Much of the developed world has a notifiable disease surveillance system for effective and efficient reporting within their national limits, with varying fields of data elements. There exist, also, a large number of international data standards which should be used when reporting epidemiology surveillance data (Table 1). However, these do not address specific requirements that would ensure that epidemiology surveillance data are comparable and interoperable. 


Table 1. Initial list of data standards useful for notifiable disease surveillance systems (non-exhaustive list) [SOURCE: Haghiri et. al. 2019].



Proposed Standard

Machine-organizable data


Medical document exchange format

Clinical Document Architecture (CDA), Continuity of Care Document (CCD), and Continuity Care Record (CCR)

Markup language

XML Document Transform (XDT)

Classification systems

International classification of disease (ICD, ICD9, ICD9-CM)

Other classification systems (DRG, CPT, ICECI, HCPCS, ICPM, ICF, DSM)

Nomenclature systems




Standard content-maker formats

Standard address format definition, standard contact number format definition, standard ID format definition, and standard date format definition


Disease surveillance systems rely on complex hierarchies for data reporting. Raw data are collected at local level followed by anonymization and aggregation as necessary before sending it up the hierarchy which includes many levels. Even in many of the most developed regions of the world, much of this process continues to be done by hand, although the push to electronic medical records is gaining traction. As a result, most disease surveillance systems across the world experience reporting lags of at least one to two weeks (Fairchild 2018, Janati 2015).


Publicly available data are made available on websites that are often difficult to navigate to find the data and associated definitions.


Historical data are not fixed the first time they are published due to undetected errors, late or missing data, laboratory delays, etc. The dataset is updated when the data becomes available. This problem, often called “backfill,” is due to the complex reporting hierarchy and antiquated systems that disease surveillance systems rely on. Backfill can in some cases drastically affect analyses (Fairchild 2018). The problem is compounded when corrected and missing case counts are added to the date on which the correction was reported, instead of the date on which the event occured. 


Case definitions used in epidemiological surveillance data are not clearly defined. Publicly available data are made available on websites that are often difficult to navigate to find the data and associated definitions. Fairchild et al. (2018) have highlighted the challenges with data reporting and stressed the importance of explicit and clear case definitions. Even with standardized definitions, regions with little support on funding for public health institutions may struggle to adopt a framework of best practices. We will develop guidelines that recognise these limitations and that will support both LMICs and HICs.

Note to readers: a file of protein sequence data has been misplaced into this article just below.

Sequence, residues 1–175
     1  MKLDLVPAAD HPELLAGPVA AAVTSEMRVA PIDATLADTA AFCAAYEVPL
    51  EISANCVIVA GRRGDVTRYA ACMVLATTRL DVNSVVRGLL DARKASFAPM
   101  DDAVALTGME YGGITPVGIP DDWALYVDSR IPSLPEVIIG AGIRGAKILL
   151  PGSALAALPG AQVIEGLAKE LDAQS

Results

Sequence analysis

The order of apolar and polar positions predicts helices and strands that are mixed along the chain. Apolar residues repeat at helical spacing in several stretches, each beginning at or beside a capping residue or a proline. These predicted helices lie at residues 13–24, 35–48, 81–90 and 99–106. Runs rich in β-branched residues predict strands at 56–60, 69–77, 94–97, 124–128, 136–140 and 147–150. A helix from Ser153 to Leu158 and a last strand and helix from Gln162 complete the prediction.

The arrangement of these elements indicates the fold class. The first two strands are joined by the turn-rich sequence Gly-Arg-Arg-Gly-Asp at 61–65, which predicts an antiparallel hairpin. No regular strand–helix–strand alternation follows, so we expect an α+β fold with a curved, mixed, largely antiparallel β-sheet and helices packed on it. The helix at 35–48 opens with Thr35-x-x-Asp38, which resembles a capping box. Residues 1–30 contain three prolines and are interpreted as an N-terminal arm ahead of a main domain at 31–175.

Engagement with other related activities

The proposed “Epidemiology common standard for surveillance data reporting WG” will address a high-priority challenge based on assessments of public health needs during a pandemic using COVID-19 as a use case.


The initial WG membership (see Section 6, below) is well connected to various community-based initiatives and WGs that address similar and other relevant topics. The WG will monitor and align its efforts with other related activities, including:


RDA WG and interest groups (IG):


See, also, “Solicited WG membership in Section 6, below.”



A specific and detailed description of how the WG will operate.



D1 (months 4-12). Epidemiology common standard for surveillance data reporting.

This deliverable will contain the developed common standard specification for reporting epidemiology surveillance data, including variable names, definitions, and rationale.


D2 (months 12-16). Guidelines for adopting the common standard.

Guidelines will be based on lessons learned during development of the standard.



M1 (months 0-1). Engagement of representatives from prominent stakeholders in public health. 

We will seek engagement with the WHO, eCDC, US-CDC, ICMR etc.


M2 (months 0-3). Identification of standards gaps and issues concerning data interoperability and comparability across and within jurisdictions. 

  • We will use COVID-19 surveillance data as a use-case to identify issues that can be resolved by implementation of a common standard for reporting communicable disease surveillance data.

  • Identify related standards and guidelines.

  • Identify standards gaps.